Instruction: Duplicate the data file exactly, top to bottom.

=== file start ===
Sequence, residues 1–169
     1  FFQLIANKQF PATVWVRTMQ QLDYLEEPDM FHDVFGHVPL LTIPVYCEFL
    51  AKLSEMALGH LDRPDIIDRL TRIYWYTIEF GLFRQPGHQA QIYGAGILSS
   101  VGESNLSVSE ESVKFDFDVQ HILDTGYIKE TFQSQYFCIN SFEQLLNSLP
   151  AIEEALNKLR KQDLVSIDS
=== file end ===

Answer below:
Sequence, residues 1–169
     1  FFQLIANKQF PATVWVRTMQ QLDYLEEPDM FHDVFGHVPL LTIPVYCEFL
    51  AKLSEMALGH LDRPDIIDRL TRIYWYTIEF GLFRQPGHQA QIYGAGILSS
   101  VGESNLSVSE ESVKFDFDVQ HILDTGYIKE TFQSQYFCIN SFEQLLNSLP
   151  AIEEALNKLR KQDLVSIDS